15.09 – 16.12.2018 Beyond Cybis
curator: Michał Jachuła
collaboration: Julia Leopold
exhibition design: Paulina Tyro-Niezgoda
visual identity: Hakobo
artists: Jan Berdyszak, Henryk Błachnio, Krzysztof Bucki, Tomasz Ciecierski, Jan Cybis, Józef Czapski, Witold Damasiewicz, Andrzej Dłużniewski, Jan Dobkowski, Tadeusz Dominik, Jan Dziędziora, Wojciech Fangor, Stanisław Fijałkowski, Stefan Gierowski, Ryszard Grzyb, Aleksandra Jachtoma, Barbara Jonscher, Jerzy Kałucki, Koji Kamoji, Łukasz Korolkiewicz, Jan Lebenstein, Robert Maciejuk, Zbigniew Makowski, Eugeniusz Geno Małkowski, Jadwiga Maziarska, Leon Michalski, Jerzy Mierzejewski, Jarosław Modzelewski, Jerzy Nowosielski, Kazimierz Ostrowski, Roman Owidzki, Jerzy Panek, Włodzimierz Pawlak, Teresa Pągowska, Erna Rosenstein, Jadwiga Sawicka, Jacek Sempoliński, Jacek Sienicki, Marek Sobczyk, Paweł Susid, Grzegorz Sztwiertnia, Leon Tarasewicz, Jan Tarasin, Tomasz Tatarczyk, Jerzy Tchórzewski, Jacek Waltoś, Ryszard Winiarski, Maria Wollenberg-Kluza, Rajmund Ziemski
This cross-sectional exhibition of Polish 20th and 21st century painting includes a wide range of works by outstanding Polish artists of different generations — representatives of the key currents of art history and contemporary artistic trends. The exhibition features, among others, contemporary classics, artists representing conceptual attitudes, educators and experimenters, as well as artistic personalities that are worth reminding to the broader audience, who are now relegated to the sidelines of art history.
In search for the ‘impossible’ — that is, an objective criterion which can be used to create this kind of problematic review — we decided to use the work of artists from the canon of Polish contemporary art — laureates of the Jan Cybis Award. In addition to the ‘younger’ Katarzyna Kobro Prize initiated by Józef Robakowski, the Cybis Award remains one of the most important distinctions honouring the achievements of outstanding Polish artists, awarded by the artists themselves. Its aim is also to maintain the memory of its patron — one of the key representatives of the Polish art of the 20th century, an excellent colourist and charismatic pedagogue. His artistic creed, ‘Never make concessions, never please anyone. The sense of art is to create, not to instruct, teach, inform, moralise’, is still valid in the context of this award.
Like all art competitions, the Cybis Award arouses emotions and becomes part of a broader discussion on the principles of awarding prizes and distinctions. Who was rewarded and for what? Who were the nominees and who nominated them? Who has been omitted or not taken into account at all? These questions, which often dispute choices and authorities, seem to be inscribed in the formula of contemporary competitions for visual artists in Poland.
One of the first and most important artistic awards in Poland is governed by its own rules; it has its own history and specificity. Established by the Association of Polish Artists in 1973, one year after the death of Jan Cybis, it is awarded for lifetime achievement in the field of painting. It is an award given by artists to other artists, by painters for painters. Its formula remains unchanged to this day — the candidates are suggested by the previous winners, who are members of the jury that decides on the selection of the artist who will be distinguished with the award.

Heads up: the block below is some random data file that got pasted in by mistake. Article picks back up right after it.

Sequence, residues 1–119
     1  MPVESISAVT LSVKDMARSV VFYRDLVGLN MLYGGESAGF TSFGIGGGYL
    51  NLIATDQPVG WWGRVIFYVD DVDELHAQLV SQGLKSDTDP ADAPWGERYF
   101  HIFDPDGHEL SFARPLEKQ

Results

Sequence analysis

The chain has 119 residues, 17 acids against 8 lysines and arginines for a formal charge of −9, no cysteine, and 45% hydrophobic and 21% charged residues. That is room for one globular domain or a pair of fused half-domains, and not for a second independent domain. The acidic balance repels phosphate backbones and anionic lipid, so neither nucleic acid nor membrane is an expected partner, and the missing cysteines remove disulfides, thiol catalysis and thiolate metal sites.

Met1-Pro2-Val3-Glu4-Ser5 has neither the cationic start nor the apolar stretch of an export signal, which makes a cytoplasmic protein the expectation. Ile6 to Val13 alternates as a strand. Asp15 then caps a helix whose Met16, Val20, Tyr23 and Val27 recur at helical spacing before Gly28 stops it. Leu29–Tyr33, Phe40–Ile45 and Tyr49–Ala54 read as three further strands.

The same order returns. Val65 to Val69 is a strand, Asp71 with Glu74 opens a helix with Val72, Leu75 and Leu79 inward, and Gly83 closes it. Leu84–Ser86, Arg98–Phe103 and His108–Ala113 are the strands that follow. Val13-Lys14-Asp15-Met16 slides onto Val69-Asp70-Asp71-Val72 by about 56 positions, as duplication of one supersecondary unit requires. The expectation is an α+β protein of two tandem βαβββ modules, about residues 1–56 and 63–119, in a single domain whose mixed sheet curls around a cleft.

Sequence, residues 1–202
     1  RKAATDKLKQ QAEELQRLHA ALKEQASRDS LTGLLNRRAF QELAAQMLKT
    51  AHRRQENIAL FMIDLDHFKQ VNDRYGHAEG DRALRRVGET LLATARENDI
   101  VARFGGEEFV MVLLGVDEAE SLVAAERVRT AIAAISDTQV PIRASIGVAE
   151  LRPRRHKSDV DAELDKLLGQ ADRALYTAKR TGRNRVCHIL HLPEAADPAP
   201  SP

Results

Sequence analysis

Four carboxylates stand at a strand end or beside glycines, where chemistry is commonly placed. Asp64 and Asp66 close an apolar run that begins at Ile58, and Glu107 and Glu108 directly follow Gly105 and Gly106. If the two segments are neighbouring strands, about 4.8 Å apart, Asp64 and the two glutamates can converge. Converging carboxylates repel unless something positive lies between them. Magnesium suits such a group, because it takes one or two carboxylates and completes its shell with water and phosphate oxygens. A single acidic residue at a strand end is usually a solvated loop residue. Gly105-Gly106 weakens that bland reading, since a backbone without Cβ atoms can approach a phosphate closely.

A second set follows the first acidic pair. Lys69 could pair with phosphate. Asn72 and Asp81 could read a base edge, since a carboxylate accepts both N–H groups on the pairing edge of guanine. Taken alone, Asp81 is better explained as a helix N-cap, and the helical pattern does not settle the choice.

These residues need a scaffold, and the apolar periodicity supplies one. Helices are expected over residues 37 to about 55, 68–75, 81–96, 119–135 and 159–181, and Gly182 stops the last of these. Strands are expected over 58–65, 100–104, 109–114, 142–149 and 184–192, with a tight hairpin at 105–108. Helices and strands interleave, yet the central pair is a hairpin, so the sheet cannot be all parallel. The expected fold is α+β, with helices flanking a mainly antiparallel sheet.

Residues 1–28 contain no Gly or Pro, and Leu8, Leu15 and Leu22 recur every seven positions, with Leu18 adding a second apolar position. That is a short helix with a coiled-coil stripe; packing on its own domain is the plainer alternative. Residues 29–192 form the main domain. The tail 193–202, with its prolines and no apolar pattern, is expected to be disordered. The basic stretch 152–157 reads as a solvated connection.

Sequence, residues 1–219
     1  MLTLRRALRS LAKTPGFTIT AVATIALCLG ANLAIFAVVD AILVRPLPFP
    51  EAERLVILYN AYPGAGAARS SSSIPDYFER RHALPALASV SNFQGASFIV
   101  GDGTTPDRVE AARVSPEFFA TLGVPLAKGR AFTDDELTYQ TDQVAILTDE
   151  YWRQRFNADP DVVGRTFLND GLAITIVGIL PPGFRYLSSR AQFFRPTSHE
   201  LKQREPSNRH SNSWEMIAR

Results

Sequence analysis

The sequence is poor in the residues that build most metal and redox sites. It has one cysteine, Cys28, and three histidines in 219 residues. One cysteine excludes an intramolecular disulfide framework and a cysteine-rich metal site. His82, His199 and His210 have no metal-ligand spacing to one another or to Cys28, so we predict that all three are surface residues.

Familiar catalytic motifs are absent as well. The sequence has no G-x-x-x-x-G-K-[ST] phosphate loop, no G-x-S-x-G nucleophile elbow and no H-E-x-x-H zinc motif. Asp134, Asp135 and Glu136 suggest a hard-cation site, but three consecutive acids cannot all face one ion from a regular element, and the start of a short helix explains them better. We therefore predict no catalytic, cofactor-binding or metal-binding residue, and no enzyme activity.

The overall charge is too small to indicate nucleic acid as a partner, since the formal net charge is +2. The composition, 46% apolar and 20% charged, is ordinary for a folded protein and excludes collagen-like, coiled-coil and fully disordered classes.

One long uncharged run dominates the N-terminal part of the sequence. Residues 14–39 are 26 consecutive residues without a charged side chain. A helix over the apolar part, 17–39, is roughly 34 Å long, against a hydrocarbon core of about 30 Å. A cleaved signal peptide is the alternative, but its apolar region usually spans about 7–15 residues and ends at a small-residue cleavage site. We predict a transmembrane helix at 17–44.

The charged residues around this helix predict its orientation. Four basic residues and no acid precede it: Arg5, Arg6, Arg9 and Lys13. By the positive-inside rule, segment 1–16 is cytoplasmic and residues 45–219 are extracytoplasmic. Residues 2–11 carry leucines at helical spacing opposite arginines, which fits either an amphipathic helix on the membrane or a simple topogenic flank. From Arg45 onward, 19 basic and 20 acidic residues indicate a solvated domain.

The history of the Jan Cybis Award is tied with the history of the ZPAP, as well as with the recent history of Poland. After the imposition of martial law and the banning of the ZPAP, the continuity of the award till 1988 was ensured by the Association of Art Historians. At the same time, in 1985–1988, the Association of Polish Painters and Graphic Artists, legitimised by the contemporary authorities, granted four distinctions under the same name: to Eugeniusz Geno Małkowski (1985), Leon Michalski (1986), Maria Wollenberg-Kluza (1987) and Kazimierz Ostrowski (1988), whose works are also presented at the exhibition. In 1989, the award returned to the ZPAP for good.
As mentioned above, nurturing the memory of the award’s patron is important for the award itself. Jan Cybis (born 1897 in Wróblin near Głogówek, died in 1972 in Warsaw) was one of the most important Polish painters, promoting purely painterly values. He played an extremely important role as the organiser of post-war artistic life, as well as an educator, professor and rector of the Academy of Fine Arts in Warsaw, and teacher to many outstanding artists. At the turn of 1997 and 1998, on the hundredth anniversary of the painter’s birthday, one of the largest retrospective exhibitions in the history of the 20th century, accompanied by an extensive catalogue, was organised in Zachęta. The exhibition, which enjoyed great interest and turnout, featured several hundred paintings by the artist.
The exhibition, arranged in the historical rooms of Zachęta, among others in the Matejko, Narutowicz and Gerson rooms and the enfilade halls on the side of the gallery’s facade, shows the works of all the prize winners in a nonchronological and problematic layout. The names of the individual parts of the exhibition were taken from the titles of the works and concepts that determined the area of interest of the various sections. These are: The Litany of the Painter, Twilight of the Painting, Your Landscape, Untitled, Experience, Space, and Write and Paint.
Artists' works in the Zachęta collection
15.09 – 16.12.2018
Zachęta – National Gallery of Art
pl. Małachowskiego 3, 00-916 Warsaw
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Tuesday – Sunday 12–8 p.m.
Thursday – free entry
ticket office is open until 7.30 p.m.